This is exactly what I am thinking, except that I don't think I'll be able to sell the RV for that much more out there. I have looked at the prices where I am vs. California, where I am moving, and they are going for about 1k more out there in similar condition.

I can buy it here for 1500 and I would gladly sell it there for the same amount, though likely I can sell it for a little more.

Renting a moving truck is 1200+ and I am thinking gas is going to cost the same whether I rent a truck or buy the RV.

I have driven across the country several times already in vehicles with more miles on them... if I can get the thing checked over by a mechanic before I go, I know it still isn't 100% risk free, but it seems like a reasonable idea to me and will still save me money in the long run even if I need to do some minor things before I get going. Worst case is I'll get stuck and have to hire a U haul to take me the rest of the way

We also don't have a place to live out there or jobs yet, so yes, we may be living in a campground for a couple weeks.

Amazingly the lady is slowly even getting into the idea...

But I am wondering about the MPG... is it really that bad? 6mpg? The owner told me she thought it got about 10. Is there any chance that is true? It is about 21 ft long I think.

I'm not rich, so no way am I hiring a moving company. It is either U haul or the RV.
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Sold but fondly remembered: 1981 300TD Turbo Tan 235K miles, 1983 300SD Astral Silver 224K miles


Last edited by chetwesley; 03-19-2008 at 11:02 AM.
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  #13  
Old 03-19-2008, 11:23 AM
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One other thing is that the RV hasn't just been sitting. The current owner has been using it in state and is the third owner... so it isn't like it has just been sitting completely untouched.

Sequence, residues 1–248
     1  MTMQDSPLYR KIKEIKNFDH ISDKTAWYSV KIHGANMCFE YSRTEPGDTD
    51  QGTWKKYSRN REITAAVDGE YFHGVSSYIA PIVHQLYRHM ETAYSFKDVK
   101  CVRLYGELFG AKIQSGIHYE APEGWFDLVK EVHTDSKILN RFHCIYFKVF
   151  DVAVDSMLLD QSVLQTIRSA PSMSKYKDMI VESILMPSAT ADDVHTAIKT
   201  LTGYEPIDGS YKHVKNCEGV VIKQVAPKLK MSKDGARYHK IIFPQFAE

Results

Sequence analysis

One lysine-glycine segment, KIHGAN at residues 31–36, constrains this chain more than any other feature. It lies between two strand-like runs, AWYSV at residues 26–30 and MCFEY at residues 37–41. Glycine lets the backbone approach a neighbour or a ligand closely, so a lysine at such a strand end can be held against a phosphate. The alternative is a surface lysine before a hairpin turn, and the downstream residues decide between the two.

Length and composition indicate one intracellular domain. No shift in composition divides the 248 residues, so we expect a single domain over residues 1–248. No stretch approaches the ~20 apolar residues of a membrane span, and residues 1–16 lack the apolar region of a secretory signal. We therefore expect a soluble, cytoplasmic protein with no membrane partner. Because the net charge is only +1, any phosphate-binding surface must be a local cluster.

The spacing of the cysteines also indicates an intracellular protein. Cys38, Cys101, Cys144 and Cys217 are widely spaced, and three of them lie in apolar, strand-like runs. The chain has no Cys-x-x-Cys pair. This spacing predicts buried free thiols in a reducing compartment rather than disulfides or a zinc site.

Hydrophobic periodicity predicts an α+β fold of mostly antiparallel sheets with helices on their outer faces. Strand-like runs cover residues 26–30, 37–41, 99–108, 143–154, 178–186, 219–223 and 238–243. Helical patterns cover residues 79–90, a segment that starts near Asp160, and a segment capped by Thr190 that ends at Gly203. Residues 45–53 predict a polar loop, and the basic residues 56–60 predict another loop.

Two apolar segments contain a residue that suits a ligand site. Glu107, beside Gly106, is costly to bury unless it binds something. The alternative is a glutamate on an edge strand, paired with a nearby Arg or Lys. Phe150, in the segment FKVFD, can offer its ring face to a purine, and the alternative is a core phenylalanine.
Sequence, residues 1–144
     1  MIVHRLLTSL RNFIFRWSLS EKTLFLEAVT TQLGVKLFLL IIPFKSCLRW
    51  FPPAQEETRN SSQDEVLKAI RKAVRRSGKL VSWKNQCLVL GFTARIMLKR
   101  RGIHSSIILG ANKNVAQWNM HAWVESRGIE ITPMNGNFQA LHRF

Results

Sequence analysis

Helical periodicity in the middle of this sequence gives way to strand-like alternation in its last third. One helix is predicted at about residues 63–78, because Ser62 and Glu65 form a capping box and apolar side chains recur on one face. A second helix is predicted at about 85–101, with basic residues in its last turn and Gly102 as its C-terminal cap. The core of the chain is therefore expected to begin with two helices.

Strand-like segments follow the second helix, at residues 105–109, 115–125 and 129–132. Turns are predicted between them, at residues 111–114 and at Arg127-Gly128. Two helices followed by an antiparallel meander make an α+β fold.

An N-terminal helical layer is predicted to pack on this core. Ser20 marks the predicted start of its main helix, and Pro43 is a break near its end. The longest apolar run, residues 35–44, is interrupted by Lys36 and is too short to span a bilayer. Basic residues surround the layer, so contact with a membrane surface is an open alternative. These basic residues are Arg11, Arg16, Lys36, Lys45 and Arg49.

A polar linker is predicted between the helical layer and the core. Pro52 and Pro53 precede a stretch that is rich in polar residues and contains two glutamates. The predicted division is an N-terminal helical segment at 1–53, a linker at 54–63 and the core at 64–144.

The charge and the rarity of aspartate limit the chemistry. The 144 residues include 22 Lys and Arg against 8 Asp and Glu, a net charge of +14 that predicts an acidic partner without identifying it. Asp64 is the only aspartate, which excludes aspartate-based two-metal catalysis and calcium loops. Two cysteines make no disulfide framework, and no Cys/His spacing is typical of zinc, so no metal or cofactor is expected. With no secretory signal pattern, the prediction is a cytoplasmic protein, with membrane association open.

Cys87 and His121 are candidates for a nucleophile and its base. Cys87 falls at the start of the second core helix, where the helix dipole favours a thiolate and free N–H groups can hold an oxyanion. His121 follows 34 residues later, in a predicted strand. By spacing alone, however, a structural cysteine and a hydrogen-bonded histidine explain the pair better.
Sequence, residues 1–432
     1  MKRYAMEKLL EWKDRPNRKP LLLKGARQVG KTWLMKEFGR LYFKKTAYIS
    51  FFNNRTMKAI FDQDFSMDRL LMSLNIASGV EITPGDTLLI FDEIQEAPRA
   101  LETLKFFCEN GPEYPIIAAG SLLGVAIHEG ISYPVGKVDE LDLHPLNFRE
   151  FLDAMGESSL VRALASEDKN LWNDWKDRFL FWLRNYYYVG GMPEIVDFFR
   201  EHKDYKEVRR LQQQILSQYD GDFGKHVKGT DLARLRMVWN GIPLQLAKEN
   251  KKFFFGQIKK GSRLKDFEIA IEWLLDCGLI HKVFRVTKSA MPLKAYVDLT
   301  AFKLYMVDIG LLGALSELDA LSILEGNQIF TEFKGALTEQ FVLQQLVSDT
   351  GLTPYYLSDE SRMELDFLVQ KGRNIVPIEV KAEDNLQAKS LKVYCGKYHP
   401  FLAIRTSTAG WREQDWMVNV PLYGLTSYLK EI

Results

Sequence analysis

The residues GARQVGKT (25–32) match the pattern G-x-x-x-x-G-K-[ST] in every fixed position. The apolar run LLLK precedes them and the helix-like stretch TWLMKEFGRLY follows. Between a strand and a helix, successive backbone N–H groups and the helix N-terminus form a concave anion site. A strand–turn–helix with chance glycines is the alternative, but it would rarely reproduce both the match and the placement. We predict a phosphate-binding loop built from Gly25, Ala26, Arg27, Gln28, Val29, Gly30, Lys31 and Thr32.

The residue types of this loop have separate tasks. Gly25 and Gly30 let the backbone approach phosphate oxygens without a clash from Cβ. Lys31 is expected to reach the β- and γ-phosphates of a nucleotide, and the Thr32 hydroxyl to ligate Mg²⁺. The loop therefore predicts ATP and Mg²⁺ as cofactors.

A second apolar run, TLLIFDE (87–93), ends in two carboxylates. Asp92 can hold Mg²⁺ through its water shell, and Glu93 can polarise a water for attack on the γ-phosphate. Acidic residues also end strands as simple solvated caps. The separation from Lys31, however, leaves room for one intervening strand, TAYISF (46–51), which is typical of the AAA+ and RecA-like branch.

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1979 240D w/4 Speed Manual, Light Blue Estimated 225-275K Miles - "Lil' Chugs"
Sold but fondly remembered: 1981 300TD Turbo Tan 235K miles, 1983 300SD Astral Silver 224K miles

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  #14  
Old 03-20-2008, 12:12 AM
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Quote:
Originally Posted by jaoneill View Post
2X what Swampyankee said and FWIW, having had ten or twelve Ford big block trucks of 70's vintage on the farm, I would recommend that you consider installing a timing chain and gears. PITA, three hour or so job but the timing chains tend to get sloppy at around 60-70K miles (which is when we typically bought them cheap because they ran like crap). At the time a chain and gears was less than $50; half a day later we would have a sweet running truck having paid only half what it was worth. They are thirsty devils but pretty much bullet proof if maintained.

Good luck,
Jim
the other thing you can do is advance the cam timing with an offset key. lots of old smog motors had late cam timing which kills low and mid range power. You should even get better gas mileage
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  #15  
Old 03-20-2008, 12:41 AM
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Great idea. Sold my 71 Dodge Travco 44k original miles 413 motor a couple of years ago. Great vehicle. 7mpg. 8 on a good day. I doubt you're going to get 10mpg on any motorhome other than a few diesels.
When I moved across country to go to graduate school years ago, I bought an old International ambulance with a blown 288 engine for $150. Bought an old pickup with a good engine for $100, swapped it in, bought a towbar and pulled my Camaro from NY to Colorado with all our possessions packed inside. Sold it for about $800 when I got here.